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February 7, 2022

Environmental Groups Sue Maui Grand Wailea Resort for Lights That Harm Endangered Seabirds

Despite prior warnings, bright lights at luxury resort continue to injure Hawaiian seabirds that breed nowhere else on the planet

Contacts

Leināʻala Ley, Earthjustice, (808) 599-2438, lley@earthjustice.org

Maxx Phillips, Center for Biological Diversity, (808) 284-0007, mphillips@biologicaldiversity.org

Moana Bjur, Conservation Council for Hawai‘i, (808) 492-2387, moana@conservehi.org

Honolulu, HI

Conservation groups in Hawai‘i represented by Earthjustice filed a lawsuit today against Maui’s Grand Wailea Resort for its bright lights that attract Hawaiian petrels, frequently leading to their grounding and death.

For more than a decade, bright lights at the Grand Wailea have disoriented the endangered seabirds as they navigate between breeding colonies and the ocean. Last year the Conservation Council for Hawai‘i and Center for Biological Diversity sent a letter of intent to sue the Grand Wailea, warning that the resort’s light harm Hawaiian petrels in violation of the Endangered Species Act.

Although the resort modified some lights in response to the letter, a grounded fledgling was recovered during the 2021 fallout season, indicating ongoing harm to the species. There are straightforward fixes available to the resort to limit the impact of its lights and prevent grounding of birds that are then vulnerable to injury and death.

“The Grand Wailea knows that its lights are harming imperiled seabirds on Maui. This isn’t rocket science — there are pragmatic, straightforward solutions the resort could — and, by law, should — be pursuing,” said Leinā‘ala Ley, an attorney in Earthjustice’s Mid-Pacific Office. “We’re taking the Grand Wailea to court to ensure the resort becomes a responsible neighbor, rather than watch native birds like the Hawaiian petrel disappear.”

“Conservation Council for Hawai‘i commends Grand Wailea's management for taking some initial steps to protect seabirds during last year’s fallout season,” said Moana Bjur, executive director at Conservation Council for Hawai‘i. “Unfortunately, fallout continued in 2021, highlighting the urgent need for comprehensive modifications at the resort. It is our hope that we can come to a settlement with the Grand Wailea before the next fledging season begins in September. The U.S. Fish and Wildlife Service is about to declare that eight native Hawaiian birds are now officially extinct. We need to do everything we can to prevent the Hawaiian petrel from being added to that list.”

“The Grand Wailea has been killing our precious Hawaiian petrels for too long. The half steps they took in 2021 are just not enough,” said Maxx Phillips, Hawai‘i director and staff attorney at the Center for Biological Diversity. “It shouldn’t take a lawsuit to force the resort to make sensible changes to prevent killing these incredible native seabirds. The Grand Wailea could easily be a partner in the recovery of these vulnerable birds and not a factor in speeding their extinction.”

The ‘ua‘u, or Hawaiian petrel (Pterodroma sandwichensis), is a federally endangered native seabird that travels thousands of miles across the Pacific to forage for squid and other marine life. During nesting season, when the birds return to Hawai‘i to mate and lay eggs, young adults can be heard making a distinctive, nocturnal “oo-ah-oo” call as they ride along coastal updrafts. Hawai‘i is the only place on Earth where the ‘ua‘u breeds.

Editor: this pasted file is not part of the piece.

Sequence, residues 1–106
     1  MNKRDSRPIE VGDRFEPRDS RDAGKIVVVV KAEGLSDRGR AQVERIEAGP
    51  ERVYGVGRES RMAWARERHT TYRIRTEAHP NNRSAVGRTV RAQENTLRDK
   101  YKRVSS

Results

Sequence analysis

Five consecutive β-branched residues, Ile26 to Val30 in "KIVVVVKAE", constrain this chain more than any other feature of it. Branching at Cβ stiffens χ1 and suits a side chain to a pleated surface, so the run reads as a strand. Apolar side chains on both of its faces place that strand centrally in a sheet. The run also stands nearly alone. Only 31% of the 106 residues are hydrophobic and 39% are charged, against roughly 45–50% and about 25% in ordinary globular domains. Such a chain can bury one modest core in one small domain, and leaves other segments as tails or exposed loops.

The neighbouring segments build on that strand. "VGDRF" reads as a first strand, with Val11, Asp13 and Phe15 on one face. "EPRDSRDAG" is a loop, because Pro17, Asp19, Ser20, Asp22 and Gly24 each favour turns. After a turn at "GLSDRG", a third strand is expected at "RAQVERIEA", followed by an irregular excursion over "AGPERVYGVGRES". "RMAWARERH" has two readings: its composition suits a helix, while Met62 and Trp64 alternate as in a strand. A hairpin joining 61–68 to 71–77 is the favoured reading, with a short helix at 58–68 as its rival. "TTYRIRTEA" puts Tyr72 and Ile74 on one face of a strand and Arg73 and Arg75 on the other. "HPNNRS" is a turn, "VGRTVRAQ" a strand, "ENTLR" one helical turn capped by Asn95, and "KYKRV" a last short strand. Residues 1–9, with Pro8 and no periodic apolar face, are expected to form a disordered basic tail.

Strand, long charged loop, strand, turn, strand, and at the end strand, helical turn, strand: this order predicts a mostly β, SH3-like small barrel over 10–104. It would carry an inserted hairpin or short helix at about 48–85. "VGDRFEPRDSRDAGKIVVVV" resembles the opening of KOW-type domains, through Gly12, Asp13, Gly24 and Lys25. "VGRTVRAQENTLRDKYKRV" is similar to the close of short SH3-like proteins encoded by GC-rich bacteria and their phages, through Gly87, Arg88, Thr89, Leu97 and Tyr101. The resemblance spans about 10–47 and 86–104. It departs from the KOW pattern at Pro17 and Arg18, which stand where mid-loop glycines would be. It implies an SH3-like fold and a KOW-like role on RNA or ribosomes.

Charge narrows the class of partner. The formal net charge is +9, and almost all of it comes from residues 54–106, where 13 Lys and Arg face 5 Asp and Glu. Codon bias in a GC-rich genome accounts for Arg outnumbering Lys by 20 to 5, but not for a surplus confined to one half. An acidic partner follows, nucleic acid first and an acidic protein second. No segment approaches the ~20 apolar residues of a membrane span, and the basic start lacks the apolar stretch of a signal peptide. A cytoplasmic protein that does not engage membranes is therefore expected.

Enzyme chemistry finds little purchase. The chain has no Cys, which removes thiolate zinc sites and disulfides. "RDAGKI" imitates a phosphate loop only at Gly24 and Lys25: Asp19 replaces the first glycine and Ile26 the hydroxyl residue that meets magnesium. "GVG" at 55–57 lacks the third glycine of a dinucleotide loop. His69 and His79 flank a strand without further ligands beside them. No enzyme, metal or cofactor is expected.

In October and November, after several months of gaining weight and strengthening their wings, young ‘ua‘u leave their nests for the first time, departing after dark to locate the ocean. Once chicks leave the nest, they won’t return to land for up to six years, when they’ll navigate back to their hatching site to breed. The largest ‘ua‘u nesting colony in the islands occurs on the volcanic slips of Haleakalā, where the birds dig burrows in the rocky soil.

Hawaiian petrels use the moon and stars to navigate and are often distracted by artificial lights on their way out to sea. Disoriented birds will circle artificial lights until they fall to the ground from exhaustion or strike other human-made structures. Once grounded, it is difficult for ‘ua‘u to take flight, leaving them extremely vulnerable to predators, starvation, and being run over by vehicles.

While there are multiple sources of bright light on Maui, the Grand Wailea’s 40-acre property stands out among all hotels on the island as being particularly harmful to Hawaiian petrels. Since 2008 the Maui Nui Seabird Recovery Project has documented unauthorized harming or killing of Hawaiian petrels at the Grand Wailea an average of once per year, but the documented harm represents only the tip of the iceberg; many grounded seabirds are eaten by predators such as cats and mongoose prior to being recovered.

Other resorts and hotels in Hawai‘i have implemented responsible plans to protect imperiled seabirds from harmful lighting. On Kaua‘i, hotels like the 1 Hotel Hanalei Bay (formerly the St. Regis) have embraced wildlife-friendly measures like shuttering windows and doors at night during fledgling season, keeping fountain lights off during fledgling season, shielding floodlights, and implementing a search-and-rescue plan for downed seabirds. Across Hawai‘i, infrastructure such as street lights and power lines must be modernized to protect native wildlife like seabirds and sea turtles.

A Hawaiian petrel chick in its burrow.

A Hawaiian petrel chick in its burrow.

Andre Raine / U.S. FWS

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